Are You Promoting Work Engagement, or Workaholism?

All business organizations want their employees to be highly involved in their work (which is also known as Work Engagement), but not obsessive-compulsive about it (a.k.a. Workaholism).

Unchecked workaholism can eventually lead employees to burnout, inclinations to leave the company, and other behaviors that put good organizational citizenship at risk.

But how can organization leaders spot the difference between healthy and unhealthy levels of work engagement, and encourage employees towards the former? In “The Differences Between Work Engagement and Workaholism, and Organizational Outcomes: An Integrative Model,” author Youngkeun Choi offers some guidance.

Knowing The Difference

While at work, truly engaged employees tend to be positive, dedicated, and absorbed in their work (Schaufeli et al, 2002).

From previous research, we know that employees suffering from workaholism usually work excessively hard without finding any enjoyment in it. They tend to be perfectionists, distrusting of their coworkers, and often suffer from poorer mental and physical health.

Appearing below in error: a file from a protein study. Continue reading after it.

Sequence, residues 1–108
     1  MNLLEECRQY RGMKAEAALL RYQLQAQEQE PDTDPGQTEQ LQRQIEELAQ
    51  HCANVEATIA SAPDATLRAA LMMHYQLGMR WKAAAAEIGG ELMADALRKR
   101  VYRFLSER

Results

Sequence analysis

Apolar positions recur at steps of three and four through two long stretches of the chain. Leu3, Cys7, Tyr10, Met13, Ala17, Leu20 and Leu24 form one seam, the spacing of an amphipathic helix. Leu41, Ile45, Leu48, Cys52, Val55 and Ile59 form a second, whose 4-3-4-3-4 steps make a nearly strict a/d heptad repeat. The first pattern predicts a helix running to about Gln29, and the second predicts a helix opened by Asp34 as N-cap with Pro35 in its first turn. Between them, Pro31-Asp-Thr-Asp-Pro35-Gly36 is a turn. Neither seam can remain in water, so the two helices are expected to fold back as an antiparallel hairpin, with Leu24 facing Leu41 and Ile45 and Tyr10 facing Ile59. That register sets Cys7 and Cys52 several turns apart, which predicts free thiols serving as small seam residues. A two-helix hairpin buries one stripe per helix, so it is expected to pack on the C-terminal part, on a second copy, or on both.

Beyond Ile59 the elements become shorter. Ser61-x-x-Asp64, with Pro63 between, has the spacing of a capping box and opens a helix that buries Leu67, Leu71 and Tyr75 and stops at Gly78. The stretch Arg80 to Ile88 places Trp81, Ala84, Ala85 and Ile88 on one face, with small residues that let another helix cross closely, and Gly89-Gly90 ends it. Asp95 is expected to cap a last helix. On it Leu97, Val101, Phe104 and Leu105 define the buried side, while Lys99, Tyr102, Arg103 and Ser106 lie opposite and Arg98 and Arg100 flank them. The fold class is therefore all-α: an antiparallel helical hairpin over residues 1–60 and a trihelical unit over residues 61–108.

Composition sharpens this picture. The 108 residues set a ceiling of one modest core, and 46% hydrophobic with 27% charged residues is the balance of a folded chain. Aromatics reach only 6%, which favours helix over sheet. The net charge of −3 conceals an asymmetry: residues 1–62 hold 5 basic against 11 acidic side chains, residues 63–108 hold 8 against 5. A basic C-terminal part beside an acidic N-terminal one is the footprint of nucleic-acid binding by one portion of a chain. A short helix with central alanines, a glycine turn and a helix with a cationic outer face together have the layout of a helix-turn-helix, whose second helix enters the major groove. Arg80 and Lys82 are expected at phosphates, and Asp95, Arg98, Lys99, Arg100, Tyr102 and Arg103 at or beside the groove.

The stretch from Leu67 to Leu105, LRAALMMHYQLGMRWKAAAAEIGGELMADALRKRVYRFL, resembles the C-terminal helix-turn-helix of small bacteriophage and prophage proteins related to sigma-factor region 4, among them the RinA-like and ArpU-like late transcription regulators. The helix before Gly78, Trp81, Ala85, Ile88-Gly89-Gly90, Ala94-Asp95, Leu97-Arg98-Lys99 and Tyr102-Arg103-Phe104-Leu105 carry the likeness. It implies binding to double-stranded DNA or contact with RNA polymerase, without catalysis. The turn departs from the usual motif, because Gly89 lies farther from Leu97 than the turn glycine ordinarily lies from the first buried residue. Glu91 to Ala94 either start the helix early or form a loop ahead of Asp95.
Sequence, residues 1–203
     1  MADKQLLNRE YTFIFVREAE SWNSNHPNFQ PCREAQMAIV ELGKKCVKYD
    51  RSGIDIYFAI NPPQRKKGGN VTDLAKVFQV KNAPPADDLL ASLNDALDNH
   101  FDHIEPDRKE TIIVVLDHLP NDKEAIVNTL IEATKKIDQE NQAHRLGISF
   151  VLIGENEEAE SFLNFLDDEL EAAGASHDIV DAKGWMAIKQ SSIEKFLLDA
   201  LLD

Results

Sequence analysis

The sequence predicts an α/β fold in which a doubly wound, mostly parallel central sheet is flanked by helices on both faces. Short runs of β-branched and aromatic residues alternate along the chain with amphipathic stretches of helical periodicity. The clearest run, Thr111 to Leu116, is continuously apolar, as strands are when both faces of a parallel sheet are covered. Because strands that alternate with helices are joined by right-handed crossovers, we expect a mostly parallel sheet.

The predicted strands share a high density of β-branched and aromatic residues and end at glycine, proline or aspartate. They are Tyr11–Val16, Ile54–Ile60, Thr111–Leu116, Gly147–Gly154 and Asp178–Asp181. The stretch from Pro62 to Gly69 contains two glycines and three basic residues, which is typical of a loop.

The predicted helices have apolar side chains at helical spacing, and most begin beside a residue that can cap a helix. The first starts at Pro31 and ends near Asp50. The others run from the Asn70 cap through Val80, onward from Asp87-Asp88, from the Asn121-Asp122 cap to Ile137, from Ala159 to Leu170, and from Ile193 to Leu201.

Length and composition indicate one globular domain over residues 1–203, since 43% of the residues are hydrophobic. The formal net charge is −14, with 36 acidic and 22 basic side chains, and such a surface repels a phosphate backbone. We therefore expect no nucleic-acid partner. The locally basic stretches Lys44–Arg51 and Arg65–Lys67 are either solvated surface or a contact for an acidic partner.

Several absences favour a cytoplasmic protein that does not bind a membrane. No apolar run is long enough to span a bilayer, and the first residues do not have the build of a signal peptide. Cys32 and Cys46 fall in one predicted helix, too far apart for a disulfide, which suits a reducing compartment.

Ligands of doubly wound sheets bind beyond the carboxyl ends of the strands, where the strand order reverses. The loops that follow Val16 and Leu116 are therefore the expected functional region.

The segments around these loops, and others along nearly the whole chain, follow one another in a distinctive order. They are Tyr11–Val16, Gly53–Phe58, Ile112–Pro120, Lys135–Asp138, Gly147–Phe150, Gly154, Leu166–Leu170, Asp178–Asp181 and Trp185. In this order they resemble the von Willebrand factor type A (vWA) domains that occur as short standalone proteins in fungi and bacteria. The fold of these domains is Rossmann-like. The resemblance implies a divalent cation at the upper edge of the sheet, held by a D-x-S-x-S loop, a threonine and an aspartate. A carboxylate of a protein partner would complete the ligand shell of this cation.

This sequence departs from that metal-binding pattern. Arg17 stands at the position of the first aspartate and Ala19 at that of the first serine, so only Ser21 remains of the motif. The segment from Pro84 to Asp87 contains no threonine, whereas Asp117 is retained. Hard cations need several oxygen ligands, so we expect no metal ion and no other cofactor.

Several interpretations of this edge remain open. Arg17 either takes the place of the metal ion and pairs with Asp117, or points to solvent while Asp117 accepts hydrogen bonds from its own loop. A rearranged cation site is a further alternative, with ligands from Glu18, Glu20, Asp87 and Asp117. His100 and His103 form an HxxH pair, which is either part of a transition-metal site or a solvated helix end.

Encouraging Work Engagement

So what can a business organization do to encourage healthy levels of Work Engagement?

The best solution is to provide job resources for its employees. In this article, Choi found that both social support from colleagues and supervisory coaching have a positive impact on Work Engagement, leading to employees who approach their jobs with more vigor, dedication and absorption.

To the organization’s benefit, employees with greater work engagement more often reported that they didn’t intend to quit, and that they were more likely to help others and be a good organizational citizen.

Discouraging Workaholism

What can an organization do to discourage Workaholism among its employees?

Perhaps not surprisingly, the solution is the same: Provide job resources. According to Choi’s research, when ample job resources were available, fewer characteristics of workaholism were reported, regardless of the demands of the job.

Choi concluded that providing resources such as performance feedback, supervisory coaching and colleagues’ support is the key to developing engaged workers who don’t fall into the trappings of becoming workaholics.